Re:BioWare has thrived with "blockbuster" games (0)

Anonymous Coward | more than 3 years ago | (#32911178)

There is a difference between making a game with mind to be a blockbuster game, and having a game end up being a blockbuster even though you haven't created it that way.

Re:BioWare has thrived with "blockbuster" games (4, Interesting)

allcoolnameswheretak (1102727) | more than 3 years ago | (#32911328)

I think it's pretty obvious that BioWare has always intended to create blockbusters. Fully voiced games, professional actors, impressive game worlds, fleshed out storyline, excellent writers... "blockbusters" are BioWares success formula, which is why I'm so surprised about Zeschucks statement.

Re:BioWare has thrived with "blockbuster" games (1)

Tei (520358) | more than 3 years ago | (#32911676)

Blockbusters is a ad hoc definition, so we all have a different one.

To me a blockbuster title is a big budget game that cater to the more popular taste. Is my opinion that only recently the game indistru has started to make real blockbuster games. Everything created before has ben "training", "growing the industry" and exploring what works better to make a blockbuster. It seems the formula has been found, and is a rail shotter like MW2.

Re:BioWare has thrived with "blockbuster" games (1)

John117 (717182) | more than 3 years ago | (#32912388)

Just because it's not his particular niche, that doesn't make him wrong. I see a lot of low priced indie games available on Steam and if they're even vaguely interesting I'm much more likely to pick one of them up for $10-20 than if they were $50-60. If I'm going to pick up a game for the higher price it had better be damn good. Speaking of which, Steam is an excellent method of content delivery for bargain bin type games. Easy access and low overhead.

Re:BioWare has thrived with "blockbuster" games (1)

IBBoard (1128019) | more than 3 years ago | (#32911224)

40+ hours time investment

What? As in 40+ hour "play time"? Is it just me, or do those estimates always seem like rather poor value for money?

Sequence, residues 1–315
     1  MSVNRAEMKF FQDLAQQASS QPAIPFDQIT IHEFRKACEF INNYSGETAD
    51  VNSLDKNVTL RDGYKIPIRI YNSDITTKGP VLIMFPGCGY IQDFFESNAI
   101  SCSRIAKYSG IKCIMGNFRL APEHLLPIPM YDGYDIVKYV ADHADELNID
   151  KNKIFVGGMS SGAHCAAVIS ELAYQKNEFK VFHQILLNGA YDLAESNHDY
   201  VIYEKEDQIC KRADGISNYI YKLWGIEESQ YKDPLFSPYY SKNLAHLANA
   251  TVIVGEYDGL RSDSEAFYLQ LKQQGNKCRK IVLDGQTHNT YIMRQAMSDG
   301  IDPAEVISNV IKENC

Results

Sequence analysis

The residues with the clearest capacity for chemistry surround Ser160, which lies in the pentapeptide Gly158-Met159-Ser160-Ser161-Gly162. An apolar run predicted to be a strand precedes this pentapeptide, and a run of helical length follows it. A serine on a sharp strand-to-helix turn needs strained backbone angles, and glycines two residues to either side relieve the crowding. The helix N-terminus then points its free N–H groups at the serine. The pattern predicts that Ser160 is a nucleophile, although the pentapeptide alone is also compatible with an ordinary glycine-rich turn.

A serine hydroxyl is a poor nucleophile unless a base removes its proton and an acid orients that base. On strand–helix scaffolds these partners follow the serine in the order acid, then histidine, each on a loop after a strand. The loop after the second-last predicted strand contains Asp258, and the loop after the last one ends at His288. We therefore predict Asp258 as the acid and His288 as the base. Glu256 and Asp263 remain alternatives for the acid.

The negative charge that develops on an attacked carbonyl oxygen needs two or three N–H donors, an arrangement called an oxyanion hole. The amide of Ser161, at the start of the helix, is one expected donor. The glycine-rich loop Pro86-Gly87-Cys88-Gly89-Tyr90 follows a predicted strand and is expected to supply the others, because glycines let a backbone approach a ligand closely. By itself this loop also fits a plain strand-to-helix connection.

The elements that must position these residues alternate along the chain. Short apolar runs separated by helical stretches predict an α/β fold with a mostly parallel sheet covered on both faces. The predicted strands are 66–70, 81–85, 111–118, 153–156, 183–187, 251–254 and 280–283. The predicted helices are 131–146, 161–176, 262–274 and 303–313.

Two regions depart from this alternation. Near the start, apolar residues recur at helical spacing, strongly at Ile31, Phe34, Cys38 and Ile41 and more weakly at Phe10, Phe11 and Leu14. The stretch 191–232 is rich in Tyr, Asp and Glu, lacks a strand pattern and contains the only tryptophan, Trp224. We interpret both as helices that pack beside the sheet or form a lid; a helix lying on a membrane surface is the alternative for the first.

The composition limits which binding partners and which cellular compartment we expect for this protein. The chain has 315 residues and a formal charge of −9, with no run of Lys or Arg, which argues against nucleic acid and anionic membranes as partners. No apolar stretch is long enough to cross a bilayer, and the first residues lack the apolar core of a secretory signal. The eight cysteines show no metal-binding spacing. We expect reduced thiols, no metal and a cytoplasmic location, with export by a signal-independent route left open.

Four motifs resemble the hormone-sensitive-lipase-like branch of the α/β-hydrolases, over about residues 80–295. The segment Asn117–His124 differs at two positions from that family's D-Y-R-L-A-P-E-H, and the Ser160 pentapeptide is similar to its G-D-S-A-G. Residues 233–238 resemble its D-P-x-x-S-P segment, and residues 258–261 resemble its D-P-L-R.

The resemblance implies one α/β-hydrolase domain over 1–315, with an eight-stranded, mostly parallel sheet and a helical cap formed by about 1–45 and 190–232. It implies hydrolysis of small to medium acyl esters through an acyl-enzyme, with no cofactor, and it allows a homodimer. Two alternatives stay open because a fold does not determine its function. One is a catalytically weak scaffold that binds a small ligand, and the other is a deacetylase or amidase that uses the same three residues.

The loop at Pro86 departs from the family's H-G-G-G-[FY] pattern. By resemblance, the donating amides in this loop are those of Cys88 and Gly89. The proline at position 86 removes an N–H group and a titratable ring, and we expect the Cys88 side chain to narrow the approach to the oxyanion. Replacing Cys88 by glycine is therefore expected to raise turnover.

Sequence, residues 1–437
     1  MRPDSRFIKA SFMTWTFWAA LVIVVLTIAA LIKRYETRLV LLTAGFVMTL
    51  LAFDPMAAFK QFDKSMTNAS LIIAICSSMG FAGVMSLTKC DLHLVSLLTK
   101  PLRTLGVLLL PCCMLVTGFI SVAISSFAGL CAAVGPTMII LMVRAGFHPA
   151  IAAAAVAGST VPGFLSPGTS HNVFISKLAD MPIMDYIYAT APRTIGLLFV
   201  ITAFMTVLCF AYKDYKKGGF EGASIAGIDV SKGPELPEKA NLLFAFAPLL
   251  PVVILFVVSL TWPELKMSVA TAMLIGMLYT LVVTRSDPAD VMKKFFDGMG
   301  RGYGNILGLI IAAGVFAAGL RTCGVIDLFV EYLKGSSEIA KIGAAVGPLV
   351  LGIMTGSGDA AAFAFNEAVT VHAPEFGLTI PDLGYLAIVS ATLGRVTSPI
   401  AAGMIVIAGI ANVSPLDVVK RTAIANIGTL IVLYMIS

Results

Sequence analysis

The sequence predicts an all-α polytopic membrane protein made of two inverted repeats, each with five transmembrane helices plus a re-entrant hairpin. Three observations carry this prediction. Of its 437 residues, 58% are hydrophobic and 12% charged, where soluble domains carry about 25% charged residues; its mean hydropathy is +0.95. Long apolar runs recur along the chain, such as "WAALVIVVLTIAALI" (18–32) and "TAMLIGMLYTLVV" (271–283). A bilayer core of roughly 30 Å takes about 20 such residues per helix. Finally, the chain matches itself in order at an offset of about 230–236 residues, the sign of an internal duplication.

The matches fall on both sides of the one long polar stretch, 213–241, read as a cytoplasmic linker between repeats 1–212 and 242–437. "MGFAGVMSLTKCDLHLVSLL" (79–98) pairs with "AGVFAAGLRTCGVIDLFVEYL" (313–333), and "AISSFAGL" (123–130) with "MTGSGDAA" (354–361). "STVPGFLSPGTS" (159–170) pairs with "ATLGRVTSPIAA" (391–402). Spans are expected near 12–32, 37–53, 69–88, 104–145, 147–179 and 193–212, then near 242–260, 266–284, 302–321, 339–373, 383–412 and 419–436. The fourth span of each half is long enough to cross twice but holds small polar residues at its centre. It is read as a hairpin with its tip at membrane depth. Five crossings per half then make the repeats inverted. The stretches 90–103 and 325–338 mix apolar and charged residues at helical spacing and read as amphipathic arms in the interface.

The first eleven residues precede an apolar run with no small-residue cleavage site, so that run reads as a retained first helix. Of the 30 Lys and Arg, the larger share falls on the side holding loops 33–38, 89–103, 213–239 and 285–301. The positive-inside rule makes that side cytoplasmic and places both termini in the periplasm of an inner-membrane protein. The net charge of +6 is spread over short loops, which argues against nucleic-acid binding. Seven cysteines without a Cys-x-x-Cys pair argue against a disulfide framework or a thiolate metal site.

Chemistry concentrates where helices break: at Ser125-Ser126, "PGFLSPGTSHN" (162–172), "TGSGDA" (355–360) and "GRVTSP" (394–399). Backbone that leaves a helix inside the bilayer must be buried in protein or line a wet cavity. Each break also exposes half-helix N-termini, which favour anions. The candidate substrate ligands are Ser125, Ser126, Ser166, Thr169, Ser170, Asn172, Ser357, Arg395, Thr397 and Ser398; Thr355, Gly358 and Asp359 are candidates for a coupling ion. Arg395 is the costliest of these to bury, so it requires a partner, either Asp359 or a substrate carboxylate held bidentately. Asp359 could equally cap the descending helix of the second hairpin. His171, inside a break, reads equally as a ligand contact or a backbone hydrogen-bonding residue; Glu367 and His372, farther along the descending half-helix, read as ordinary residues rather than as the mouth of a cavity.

Re:BioWare has thrived with "blockbuster" games (4, Insightful)

mcvos (645701) | more than 3 years ago | (#32911272)

Depends. If you see it as an investment (it costs you, and you want something back for your precious time), then it's poor value. If you see it as "play time" (you pay $50 to enjoy yourself for 40+ hours), then it's excellent value for money.

Re:BioWare has thrived with "blockbuster" games (3, Insightful)

allcoolnameswheretak (1102727) | more than 3 years ago | (#32911314)

Yeah. I got Oblivion shortly after it was released (4 years ago, I think), and with all expansion packs and mods, I'm 120 hours into the game, and I still have completed only half the quests and not even the main storyline (my second playthrough, so I wanted to check out all the sidequests and skip the main quest).
So for me, a 50$ investment has bought me 120 hours of entertainment and I'm still into it after 4 years. If you compare it to cinema, or bubble gum, that's unbeatable value, from a "blockbuster" game.

Re:BioWare has thrived with "blockbuster" games (-1, Troll)

Anonymous Coward | more than 3 years ago | (#32911524)

So for me, a 50$ investment has bought me 120 hours of entertainment

From an economical standpoint, you could've spent those 120 hours into creating more value which would exponentially enlarge your initial investment and pay someone 50$ to be entertained in your place, so you could free up those 120 hours for a decent return-investment.

Just saying...

Re:BioWare has thrived with "blockbuster" games (4, Insightful)

allcoolnameswheretak (1102727) | more than 3 years ago | (#32911664)

You're absolutely right of course. The question now is, what is the purpose of life? To indefinitely create more value, or to have fun and enjoy yourself?
At some point in my life I decided that life is very enjoyable without being a millionaire and that being immersed in fantastic game worlds is something I enjoy. So my equation is: enjoyment > more value than necessary.

Re:BioWare has thrived with "blockbuster" games (0)

Anonymous Coward | more than 3 years ago | (#32912672)

What is the purpose of life?

I actually know this one. The dual purposes of life are to learn and to have fun. Anything that anyone does as a willful act of a "this-is-something-I-consciously-want-to-do" will fall into one of those two broad categories. Making millions? It is fun for some people. That is why they do it. Studying linear algebra? Either the person finds it fun or they want to learn it because they want the knowledge.
 

Re:BioWare has thrived with "blockbuster" games (0)